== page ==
The FAO and CCRP: an update on a fruitful collaboration
FAO and CCRP Collaboration Focuses on a Practical Tool for Agroecological Assessment
CCRP is delighted to collaborate with the Food and Agriculture Organization of the United Nations (FAO) on advancing agroecology (AE). Since 2015, the CCRP’s grant support to the FAO has supported the development of the FAO’s Agroecology Knowledge Hub website. Its support also allowed the FAO team and its collaborators to conceive and present the 10 Elements of Agroecology), on which the recent events below were built:
In 2018, the FAO held its 2nd International Symposium on Agroecology. Strong attendance, including a deep CCRP delegation, demonstrated the growing global commitment to AE. The symposium marked a shift of focus from dialogue to action for FAO’s efforts to scale up AE. The chair’s summary, together with recommendations from various countries and partner organizations, stressed the need for the FAO to “take the lead on developing methodologies and indicators to measure sustainability performance of agricultural and food systems beyond yield at landscape or farm level, based on the 10 Elements of Agroecology and experience in developing [SDG] indicator 2.4.1.”
The FAO’s 26th Committee on Agriculture welcomed the Scaling Up Agroecology Initiative and supported the 10 Elements of Agroecology. The committee further requested that the FAO assist countries and regions to engage more effectively in transitioning toward sustainable agriculture and food systems by strengthening normative, science, and evidence-based work on agroecology; developing metrics, tools, and protocols to evaluate the contribution of agroecology and other approaches to transforming sustainable agriculture and food systems. TAPE constitutes the FAO’s response to these requests.
As part of the FAO’s Scaling Up Agroecology Initiative, the FAO’s AE team recently developed the Tool for Agroecology Performance Evaluation (TAPE). Its development and the ways in which the CCRP and wider community are using it to advance AE in different contexts are a success story. TAPE was developed through an inclusive, two-year process that included diverse stakeholders from across sectors. The tool provides a stepped approach to assessing the multidimensional performance of agroecology across social, economic, and environmental dimensions of sustainability. Professor Pablo Tittonell, of the Natural Resources and Environment Program of INTA, Argentina’s agricultural research organization, was an important collaborator in its development. The framework has three sections: description of context and system, a rubric for “characterization of agroecological transitions” (CAET), and a survey of core criteria.
With CCRP support, the FAO held a workshop in Mexico City in November 2019 to share TAPE’s origins and advances. A wide variety of actors holding diverse agroecology perspectives assessed the challenges and opportunities of applying TAPE in their particular Latin American contexts. In addition, this broad representation of agroecology academics, activists, and practitioners engaged in a rich dialogue with the FAO and communicated their needs and concerns. Attendees included the CCRP’s Andes regional team and Tittonell. Meeting outcomes included:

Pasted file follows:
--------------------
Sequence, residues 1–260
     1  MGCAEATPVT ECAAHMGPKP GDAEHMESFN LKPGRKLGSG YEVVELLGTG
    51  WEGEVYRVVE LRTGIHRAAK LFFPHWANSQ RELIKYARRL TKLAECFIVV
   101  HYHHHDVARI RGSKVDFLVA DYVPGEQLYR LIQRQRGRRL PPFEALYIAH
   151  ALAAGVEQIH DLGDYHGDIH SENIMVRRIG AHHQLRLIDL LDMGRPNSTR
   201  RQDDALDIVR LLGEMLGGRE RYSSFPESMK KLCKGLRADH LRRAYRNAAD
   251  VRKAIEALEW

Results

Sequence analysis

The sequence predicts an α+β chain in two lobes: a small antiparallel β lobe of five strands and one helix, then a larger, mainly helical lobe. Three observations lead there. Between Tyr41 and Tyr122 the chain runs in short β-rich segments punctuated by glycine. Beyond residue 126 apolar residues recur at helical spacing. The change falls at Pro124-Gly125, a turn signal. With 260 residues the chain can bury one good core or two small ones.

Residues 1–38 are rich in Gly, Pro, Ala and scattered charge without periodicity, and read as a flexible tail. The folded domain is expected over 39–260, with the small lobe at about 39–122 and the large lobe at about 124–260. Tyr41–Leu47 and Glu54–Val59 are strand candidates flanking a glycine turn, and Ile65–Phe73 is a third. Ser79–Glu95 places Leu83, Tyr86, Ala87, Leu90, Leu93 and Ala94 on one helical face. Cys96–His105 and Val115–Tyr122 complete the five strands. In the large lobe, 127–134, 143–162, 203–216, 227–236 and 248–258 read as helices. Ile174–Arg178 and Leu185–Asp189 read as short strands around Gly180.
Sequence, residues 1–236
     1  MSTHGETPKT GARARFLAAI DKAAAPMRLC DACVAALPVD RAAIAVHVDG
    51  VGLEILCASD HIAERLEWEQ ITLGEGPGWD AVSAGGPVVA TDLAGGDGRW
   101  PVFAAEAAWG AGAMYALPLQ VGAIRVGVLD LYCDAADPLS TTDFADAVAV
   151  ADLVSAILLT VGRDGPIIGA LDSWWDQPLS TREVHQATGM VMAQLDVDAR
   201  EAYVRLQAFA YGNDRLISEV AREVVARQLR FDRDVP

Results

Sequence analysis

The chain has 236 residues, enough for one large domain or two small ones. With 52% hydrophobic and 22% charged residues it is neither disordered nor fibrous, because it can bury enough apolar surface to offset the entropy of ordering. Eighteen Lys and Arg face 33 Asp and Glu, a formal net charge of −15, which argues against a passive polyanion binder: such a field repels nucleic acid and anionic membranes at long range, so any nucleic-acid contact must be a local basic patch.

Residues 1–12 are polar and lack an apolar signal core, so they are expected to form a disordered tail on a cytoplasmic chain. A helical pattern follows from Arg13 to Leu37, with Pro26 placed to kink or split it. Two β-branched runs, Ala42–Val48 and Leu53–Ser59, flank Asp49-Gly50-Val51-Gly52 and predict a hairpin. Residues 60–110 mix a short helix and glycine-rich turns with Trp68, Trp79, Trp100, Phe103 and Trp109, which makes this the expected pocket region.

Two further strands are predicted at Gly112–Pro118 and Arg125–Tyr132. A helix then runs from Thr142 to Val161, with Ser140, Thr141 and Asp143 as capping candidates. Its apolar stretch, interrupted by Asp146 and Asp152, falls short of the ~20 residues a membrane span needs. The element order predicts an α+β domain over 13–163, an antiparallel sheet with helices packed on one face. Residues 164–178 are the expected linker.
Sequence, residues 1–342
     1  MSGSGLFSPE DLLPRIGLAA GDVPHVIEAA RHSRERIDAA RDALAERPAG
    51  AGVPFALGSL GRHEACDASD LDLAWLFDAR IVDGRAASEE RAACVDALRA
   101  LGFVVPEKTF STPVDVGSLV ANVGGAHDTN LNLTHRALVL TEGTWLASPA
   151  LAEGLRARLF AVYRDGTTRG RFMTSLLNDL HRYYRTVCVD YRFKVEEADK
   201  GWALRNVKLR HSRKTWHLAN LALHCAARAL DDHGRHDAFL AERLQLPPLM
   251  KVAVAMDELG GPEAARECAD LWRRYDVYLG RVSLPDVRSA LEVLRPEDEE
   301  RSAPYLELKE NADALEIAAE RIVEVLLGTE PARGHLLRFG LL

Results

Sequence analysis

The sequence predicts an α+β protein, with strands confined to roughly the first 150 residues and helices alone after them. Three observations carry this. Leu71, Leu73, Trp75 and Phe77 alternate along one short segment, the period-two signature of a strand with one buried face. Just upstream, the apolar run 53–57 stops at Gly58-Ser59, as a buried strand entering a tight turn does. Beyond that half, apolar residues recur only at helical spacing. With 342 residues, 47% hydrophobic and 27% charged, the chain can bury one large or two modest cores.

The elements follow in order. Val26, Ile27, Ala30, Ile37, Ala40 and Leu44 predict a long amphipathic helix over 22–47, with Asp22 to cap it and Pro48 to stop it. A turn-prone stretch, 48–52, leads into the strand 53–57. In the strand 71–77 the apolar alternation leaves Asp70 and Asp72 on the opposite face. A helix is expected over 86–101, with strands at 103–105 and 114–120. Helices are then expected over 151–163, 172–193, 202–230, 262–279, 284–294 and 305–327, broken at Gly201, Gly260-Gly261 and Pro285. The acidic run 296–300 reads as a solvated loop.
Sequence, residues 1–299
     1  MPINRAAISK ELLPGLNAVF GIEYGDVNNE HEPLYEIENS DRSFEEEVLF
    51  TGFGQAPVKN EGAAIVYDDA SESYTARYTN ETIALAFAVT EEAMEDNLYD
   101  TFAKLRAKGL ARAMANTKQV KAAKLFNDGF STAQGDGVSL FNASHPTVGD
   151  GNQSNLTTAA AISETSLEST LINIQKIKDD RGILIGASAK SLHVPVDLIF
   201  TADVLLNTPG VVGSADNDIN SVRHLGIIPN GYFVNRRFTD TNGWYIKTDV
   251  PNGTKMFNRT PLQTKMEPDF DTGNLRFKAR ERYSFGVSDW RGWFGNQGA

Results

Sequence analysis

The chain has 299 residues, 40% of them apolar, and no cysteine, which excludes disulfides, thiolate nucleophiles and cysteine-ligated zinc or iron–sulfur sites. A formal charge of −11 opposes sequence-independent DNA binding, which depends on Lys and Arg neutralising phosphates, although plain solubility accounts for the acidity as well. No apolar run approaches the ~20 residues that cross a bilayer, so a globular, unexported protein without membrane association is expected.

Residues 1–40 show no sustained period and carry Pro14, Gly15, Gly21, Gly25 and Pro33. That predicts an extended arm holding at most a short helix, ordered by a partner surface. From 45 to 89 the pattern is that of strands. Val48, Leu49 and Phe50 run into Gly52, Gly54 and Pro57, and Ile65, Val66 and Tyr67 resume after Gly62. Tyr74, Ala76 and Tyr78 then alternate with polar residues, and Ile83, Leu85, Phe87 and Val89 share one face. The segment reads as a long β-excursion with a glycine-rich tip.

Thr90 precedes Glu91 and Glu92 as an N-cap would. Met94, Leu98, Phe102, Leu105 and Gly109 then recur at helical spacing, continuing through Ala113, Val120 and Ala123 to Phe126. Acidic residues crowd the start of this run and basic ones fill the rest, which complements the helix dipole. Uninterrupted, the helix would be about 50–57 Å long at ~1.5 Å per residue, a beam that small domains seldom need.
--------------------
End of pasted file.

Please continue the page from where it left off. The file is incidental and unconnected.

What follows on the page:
Appreciation for the political importance of generating data for global analysis
Desire from participants for the TAPE process to support their ongoing initiatives with local adaptation and testing. Several participants committed to conducting case studies using TAPE in their regions. A CCRP-funded project in Bolivia, for one, is keen to put TAPE to use. CCRP users are working to adapt CAET to different contexts.
Organization of a follow-up committee to maintain communication and collaboration among participants
The CCRP’s communities of practice (CoPs) in Africa have received the TAPE tool with excitement. Within the East and Southern Africa and West Africa CoPs, grantees led by the CCRP’s research methods support team looked at draft versions of TAPE during 2019 workshops (in Tanzania and Burkina Faso, respectively) focusing on research methods for agroecology. The ESAf CoP revisited the tool during its 2019 annual CoP meeting in Malawi. Project teams have drawn three inspirations from TAPE:
Using the 10 Elements of Agroecology as a frame helps in thinking about systems in a broad sense, moving the focus beyond specific problems.
It can prompt thinking at landscape and community levels, not just the farm level.
Assessment across the many different dimensions of agroecology need not be complex or burdensome.
Since then, teams have had a series on online meetings and considered the objectives of work inspired by TAPE. These include:
Characterizing the agroecological state of farms and landscapes
Creating awareness of the many dimensions of agroecology
Training farmers or others in agroecology
Envisioning alternative farm futures and planning actions to promote transformation
Identifying additional dimensions of agroecology important in specific contexts
They requested more grounded help to put these into practice. The ESAf regional team is thus staging a February 2020 field workshop in Uganda during which participants will develop protocols and pilot them with farmer groups.
Edmundo Barrios, FAO Agroecology team: Claire Nicklin, CCRP-Andes regional team; Ric Coe, Statistics for Sustainable Development and CCRP’s Research Methods Support team; and Ernesto Mendes, U of Vermont. Editor: Rebecca Nelson.